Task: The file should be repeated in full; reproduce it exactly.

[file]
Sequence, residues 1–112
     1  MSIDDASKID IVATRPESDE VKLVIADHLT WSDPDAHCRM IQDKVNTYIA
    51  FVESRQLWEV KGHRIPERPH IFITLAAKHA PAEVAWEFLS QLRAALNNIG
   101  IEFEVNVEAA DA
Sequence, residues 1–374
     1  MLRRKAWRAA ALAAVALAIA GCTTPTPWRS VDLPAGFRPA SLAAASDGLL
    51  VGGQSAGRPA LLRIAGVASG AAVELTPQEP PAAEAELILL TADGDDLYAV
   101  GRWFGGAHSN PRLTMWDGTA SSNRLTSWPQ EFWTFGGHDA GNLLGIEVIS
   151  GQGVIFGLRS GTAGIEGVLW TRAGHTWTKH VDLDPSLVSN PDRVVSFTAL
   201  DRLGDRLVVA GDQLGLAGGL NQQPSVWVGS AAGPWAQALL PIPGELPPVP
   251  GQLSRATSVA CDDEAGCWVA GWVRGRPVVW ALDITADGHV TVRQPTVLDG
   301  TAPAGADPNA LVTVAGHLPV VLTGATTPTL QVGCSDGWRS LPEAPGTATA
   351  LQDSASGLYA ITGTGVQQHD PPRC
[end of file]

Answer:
Sequence, residues 1–112
     1  MSIDDASKID IVATRPESDE VKLVIADHLT WSDPDAHCRM IQDKVNTYIA
    51  FVESRQLWEV KGHRIPERPH IFITLAAKHA PAEVAWEFLS QLRAALNNIG
   101  IEFEVNVEAA DA
Sequence, residues 1–374
     1  MLRRKAWRAA ALAAVALAIA GCTTPTPWRS VDLPAGFRPA SLAAASDGLL
    51  VGGQSAGRPA LLRIAGVASG AAVELTPQEP PAAEAELILL TADGDDLYAV
   101  GRWFGGAHSN PRLTMWDGTA SSNRLTSWPQ EFWTFGGHDA GNLLGIEVIS
   151  GQGVIFGLRS GTAGIEGVLW TRAGHTWTKH VDLDPSLVSN PDRVVSFTAL
   201  DRLGDRLVVA GDQLGLAGGL NQQPSVWVGS AAGPWAQALL PIPGELPPVP
   251  GQLSRATSVA CDDEAGCWVA GWVRGRPVVW ALDITADGHV TVRQPTVLDG
   301  TAPAGADPNA LVTVAGHLPV VLTGATTPTL QVGCSDGWRS LPEAPGTATA
   351  LQDSASGLYA ITGTGVQQHD PPRC